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[ox-en] interesting economics of the modzilla foundation

Mozilla Officially Out of Netscape

Open source development group Tuesday officially separated from
its one-time browser parent Netscape Communications by moving its operations
under the roof of new non-profit group The Mozilla Foundation.

The move is yet another sign that the days of America Online's Netscape
Communications division, which originally launched the Mozilla project, are
numbered. An AOL spokesman said Netscape has laid off about 50 members of
its Netscape browser teams, but said some employees have been re-hired by
the new foundation.

Since AOL's settlement of its suit against Microsoft, which officially ended
the companies' IE/Netscape browser war, industry observers have said a
scaled-down Netscape is a foregone conclusion. Netscape holds a tiny
fraction of the market share for browsers compared to Microsoft's dominant
IE browser, and AOL has the option of using Microsoft's browser and other
software products as part of their legal settlement.

As part of its send-off, AOL said it pledged $2 million to The Mozilla
Foundation, which is expected to expand on the efforts of, the
group that manages the daily operations of Mozilla projects.

Mozilla said the non-profit foundation would work to promote Mozilla's Web
applications, code base, and other core technologies such as the Gecko
browser layout engine.

"As before, will coordinate and encourage the development and
testing of Mozilla code," the group said in a statement. "The Mozilla
Foundation will also promote the distribution and adoption of our flagship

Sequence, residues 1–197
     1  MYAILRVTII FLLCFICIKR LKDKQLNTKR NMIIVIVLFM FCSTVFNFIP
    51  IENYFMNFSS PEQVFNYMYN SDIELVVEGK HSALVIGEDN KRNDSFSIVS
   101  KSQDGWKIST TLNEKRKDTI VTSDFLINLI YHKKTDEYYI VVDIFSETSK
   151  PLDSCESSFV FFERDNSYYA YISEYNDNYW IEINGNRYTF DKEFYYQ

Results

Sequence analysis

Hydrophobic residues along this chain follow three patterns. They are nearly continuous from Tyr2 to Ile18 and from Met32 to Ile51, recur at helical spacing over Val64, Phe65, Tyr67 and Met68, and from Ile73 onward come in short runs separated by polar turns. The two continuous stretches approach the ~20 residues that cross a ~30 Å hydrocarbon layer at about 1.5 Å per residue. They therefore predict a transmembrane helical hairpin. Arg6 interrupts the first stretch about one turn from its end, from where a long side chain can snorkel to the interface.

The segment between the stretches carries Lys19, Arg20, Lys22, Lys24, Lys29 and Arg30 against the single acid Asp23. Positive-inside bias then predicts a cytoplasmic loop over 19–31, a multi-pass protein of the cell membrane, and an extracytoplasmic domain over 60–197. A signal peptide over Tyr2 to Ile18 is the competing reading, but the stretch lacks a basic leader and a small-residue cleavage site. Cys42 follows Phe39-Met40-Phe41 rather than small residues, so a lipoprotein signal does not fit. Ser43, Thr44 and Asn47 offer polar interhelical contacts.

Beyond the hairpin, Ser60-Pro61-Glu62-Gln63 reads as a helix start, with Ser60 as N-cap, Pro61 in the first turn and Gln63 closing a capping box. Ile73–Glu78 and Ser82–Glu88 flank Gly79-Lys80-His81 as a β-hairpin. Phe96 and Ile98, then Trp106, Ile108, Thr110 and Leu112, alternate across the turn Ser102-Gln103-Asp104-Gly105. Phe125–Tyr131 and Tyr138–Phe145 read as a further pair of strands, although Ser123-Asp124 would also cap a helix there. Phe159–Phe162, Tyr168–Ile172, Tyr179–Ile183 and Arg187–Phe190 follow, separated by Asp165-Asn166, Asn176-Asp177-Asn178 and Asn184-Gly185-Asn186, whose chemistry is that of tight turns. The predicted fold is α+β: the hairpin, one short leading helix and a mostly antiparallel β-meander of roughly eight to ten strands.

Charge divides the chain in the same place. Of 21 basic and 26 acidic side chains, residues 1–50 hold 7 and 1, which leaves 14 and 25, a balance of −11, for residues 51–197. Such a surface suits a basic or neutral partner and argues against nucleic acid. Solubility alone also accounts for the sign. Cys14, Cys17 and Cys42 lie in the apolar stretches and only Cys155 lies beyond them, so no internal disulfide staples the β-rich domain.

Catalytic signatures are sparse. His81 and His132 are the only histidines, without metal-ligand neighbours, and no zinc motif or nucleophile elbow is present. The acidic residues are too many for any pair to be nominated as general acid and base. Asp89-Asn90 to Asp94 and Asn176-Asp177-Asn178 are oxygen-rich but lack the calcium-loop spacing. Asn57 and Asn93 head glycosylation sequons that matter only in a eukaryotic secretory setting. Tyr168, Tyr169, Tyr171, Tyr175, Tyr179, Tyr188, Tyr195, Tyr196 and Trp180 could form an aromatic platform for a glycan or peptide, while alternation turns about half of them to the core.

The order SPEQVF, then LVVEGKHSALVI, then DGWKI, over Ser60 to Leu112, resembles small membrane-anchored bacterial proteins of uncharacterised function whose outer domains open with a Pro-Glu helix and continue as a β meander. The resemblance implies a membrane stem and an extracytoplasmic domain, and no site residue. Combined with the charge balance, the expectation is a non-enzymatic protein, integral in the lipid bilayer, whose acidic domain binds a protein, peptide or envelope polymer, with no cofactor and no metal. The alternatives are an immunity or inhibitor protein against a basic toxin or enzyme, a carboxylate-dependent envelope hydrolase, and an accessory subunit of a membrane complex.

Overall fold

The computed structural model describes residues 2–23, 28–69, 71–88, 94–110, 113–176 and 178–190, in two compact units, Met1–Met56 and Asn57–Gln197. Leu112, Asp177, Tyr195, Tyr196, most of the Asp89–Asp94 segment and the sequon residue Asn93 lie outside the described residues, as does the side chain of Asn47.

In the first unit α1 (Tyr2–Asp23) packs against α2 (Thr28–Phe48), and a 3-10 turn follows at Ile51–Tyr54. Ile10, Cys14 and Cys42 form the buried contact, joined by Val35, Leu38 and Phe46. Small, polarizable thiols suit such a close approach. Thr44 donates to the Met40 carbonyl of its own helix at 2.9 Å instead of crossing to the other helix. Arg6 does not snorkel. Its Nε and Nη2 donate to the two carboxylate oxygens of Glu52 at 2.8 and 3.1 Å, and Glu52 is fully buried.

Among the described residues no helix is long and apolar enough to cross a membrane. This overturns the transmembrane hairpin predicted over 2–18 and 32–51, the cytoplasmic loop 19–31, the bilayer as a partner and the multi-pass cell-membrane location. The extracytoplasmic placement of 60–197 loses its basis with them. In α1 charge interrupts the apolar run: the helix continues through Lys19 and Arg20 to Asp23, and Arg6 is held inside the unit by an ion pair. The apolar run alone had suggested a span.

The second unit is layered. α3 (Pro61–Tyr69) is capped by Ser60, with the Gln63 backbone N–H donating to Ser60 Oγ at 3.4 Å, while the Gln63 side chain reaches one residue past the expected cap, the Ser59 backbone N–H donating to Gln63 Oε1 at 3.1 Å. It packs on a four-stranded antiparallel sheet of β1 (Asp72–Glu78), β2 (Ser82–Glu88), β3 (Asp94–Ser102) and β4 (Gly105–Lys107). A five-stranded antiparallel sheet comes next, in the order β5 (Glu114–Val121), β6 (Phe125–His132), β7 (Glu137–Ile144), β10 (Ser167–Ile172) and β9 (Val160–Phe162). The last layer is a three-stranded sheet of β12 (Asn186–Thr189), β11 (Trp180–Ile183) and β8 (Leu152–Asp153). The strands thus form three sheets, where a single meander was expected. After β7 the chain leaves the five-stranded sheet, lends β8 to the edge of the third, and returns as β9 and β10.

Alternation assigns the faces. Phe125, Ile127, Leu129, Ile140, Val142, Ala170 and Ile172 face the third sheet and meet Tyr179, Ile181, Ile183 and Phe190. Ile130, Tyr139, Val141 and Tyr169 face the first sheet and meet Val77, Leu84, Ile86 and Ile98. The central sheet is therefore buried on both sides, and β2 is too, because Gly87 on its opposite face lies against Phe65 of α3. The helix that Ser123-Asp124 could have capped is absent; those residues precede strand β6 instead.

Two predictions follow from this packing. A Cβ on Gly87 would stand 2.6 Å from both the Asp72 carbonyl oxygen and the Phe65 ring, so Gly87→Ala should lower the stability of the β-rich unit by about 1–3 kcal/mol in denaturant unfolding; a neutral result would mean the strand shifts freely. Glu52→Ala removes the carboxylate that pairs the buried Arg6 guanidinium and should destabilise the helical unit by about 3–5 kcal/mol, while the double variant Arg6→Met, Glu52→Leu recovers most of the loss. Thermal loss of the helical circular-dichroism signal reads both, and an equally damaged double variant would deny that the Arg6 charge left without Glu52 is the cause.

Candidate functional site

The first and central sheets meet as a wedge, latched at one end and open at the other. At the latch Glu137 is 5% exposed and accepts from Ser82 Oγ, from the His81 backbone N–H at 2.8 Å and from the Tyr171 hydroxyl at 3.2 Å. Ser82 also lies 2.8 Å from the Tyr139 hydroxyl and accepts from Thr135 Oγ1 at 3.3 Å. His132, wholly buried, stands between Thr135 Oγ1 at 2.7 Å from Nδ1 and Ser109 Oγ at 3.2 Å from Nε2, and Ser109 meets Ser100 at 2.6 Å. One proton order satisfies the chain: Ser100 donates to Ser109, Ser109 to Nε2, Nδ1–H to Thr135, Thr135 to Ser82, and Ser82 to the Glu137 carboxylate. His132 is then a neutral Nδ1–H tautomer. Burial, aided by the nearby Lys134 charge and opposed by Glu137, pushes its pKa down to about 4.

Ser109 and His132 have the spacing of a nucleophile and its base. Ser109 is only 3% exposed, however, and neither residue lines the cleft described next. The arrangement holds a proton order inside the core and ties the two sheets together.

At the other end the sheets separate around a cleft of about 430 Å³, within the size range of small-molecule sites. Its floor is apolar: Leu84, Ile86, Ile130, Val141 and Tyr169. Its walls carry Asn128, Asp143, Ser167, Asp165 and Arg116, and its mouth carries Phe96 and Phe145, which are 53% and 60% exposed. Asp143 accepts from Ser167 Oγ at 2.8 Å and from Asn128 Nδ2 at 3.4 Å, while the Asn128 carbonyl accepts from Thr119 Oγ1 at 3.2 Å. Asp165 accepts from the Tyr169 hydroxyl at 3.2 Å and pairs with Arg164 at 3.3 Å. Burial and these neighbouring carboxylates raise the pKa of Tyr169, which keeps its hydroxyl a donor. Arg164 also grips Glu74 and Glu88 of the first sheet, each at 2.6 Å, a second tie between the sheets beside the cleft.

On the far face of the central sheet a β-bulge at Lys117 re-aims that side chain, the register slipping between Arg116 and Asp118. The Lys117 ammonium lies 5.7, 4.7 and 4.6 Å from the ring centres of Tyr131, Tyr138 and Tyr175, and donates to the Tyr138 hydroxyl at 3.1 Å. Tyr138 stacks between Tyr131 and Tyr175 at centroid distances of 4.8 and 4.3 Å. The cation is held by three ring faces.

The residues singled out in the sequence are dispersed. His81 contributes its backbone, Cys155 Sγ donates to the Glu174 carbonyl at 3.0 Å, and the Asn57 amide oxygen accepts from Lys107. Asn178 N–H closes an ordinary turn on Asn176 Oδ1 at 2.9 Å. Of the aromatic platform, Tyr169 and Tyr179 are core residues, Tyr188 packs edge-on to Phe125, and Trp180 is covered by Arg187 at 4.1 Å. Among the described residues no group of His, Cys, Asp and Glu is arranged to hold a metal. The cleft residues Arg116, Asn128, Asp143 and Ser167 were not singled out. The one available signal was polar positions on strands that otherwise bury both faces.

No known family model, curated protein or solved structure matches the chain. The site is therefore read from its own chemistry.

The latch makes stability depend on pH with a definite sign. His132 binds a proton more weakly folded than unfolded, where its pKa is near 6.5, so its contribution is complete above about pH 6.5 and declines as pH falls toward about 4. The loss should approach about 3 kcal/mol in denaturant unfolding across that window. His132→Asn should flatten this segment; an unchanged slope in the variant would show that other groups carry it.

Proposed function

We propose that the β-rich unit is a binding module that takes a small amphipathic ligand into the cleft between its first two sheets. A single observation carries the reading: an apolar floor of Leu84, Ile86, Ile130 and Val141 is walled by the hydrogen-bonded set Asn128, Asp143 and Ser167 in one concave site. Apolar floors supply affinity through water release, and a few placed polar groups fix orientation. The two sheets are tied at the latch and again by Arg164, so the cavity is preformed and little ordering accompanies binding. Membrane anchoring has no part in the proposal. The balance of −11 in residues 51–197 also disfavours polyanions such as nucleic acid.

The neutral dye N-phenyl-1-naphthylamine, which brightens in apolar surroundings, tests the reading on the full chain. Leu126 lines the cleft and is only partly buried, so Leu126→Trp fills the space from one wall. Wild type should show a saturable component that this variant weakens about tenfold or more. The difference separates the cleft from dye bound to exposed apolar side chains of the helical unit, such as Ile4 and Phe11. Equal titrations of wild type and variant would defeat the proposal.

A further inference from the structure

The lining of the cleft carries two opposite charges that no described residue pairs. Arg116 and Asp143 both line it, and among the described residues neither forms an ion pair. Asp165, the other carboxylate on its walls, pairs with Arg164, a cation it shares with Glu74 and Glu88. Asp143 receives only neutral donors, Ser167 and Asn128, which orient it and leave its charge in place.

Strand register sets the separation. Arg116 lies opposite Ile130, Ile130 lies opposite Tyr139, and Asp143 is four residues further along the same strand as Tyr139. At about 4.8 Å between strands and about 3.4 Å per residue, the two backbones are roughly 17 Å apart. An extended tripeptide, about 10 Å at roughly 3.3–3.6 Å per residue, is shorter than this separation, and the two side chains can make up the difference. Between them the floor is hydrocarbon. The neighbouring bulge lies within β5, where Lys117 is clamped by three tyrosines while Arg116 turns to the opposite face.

applications based on that code. AOL, IBM, Sun Microsystems, Red Hat, and
other companies will continue to support Mozilla through the Foundation."

Mozilla members said spinning out core Mozilla assets was positive for the
group's goals.

"Now that the Mozilla Foundation has been launched, we believe the time is
ripe to move aggressively toward new distribution channels, new end-user
markets, and better incorporation of developer-driven innovations from the
whole Mozilla community," Mozilla members Mitchell Baker and Brendan Eich
wrote in a note to newsgroups Tuesday.

"Whenever a project shifts footing or changes focus, there is tension
between old and new. We are sensitive to this tension, and we do not plan
any abrupt changes. staff will continue to manage the project.
Three members of staff will be on the Board of Directors of the Mozilla
Foundation -- Mitchell Baker, Brendan Eich, and Chris Blizzard -- so the
governing body of the Mozilla Foundation is congruent with long-term project

The board's role, the note continued, is to provide general oversight, and
the role of staff, drivers, reviewers, and module owners will
continue as before.

Mitch Kapor, the new Chairman of the Mozilla Foundation, also made a
personal contribution to the foundation of $300,000. Linux distribution
company Red Hat and Sun Microsystems also said they would continue their
contributions to the Mozilla open source project.

In a statement, Kapor said Mozilla's new independent status would give it
"even more freedom to innovate and provide meaningful choice to users on all
computer environments. A competitive, standards-compliant browser suite is
vitally important to maintaining freedom and innovation on the Internet, so
I'm delighted to make a contribution," he said.

Kapor, who designed the original spreadsheet program Lotus 1-2-3, also
chairs the Open Source Applications Foundation.

An AOL spokesman said the company continues to support the Netscape browser.

However, it remains unclear whether any new product releases from Netscape
are planned.


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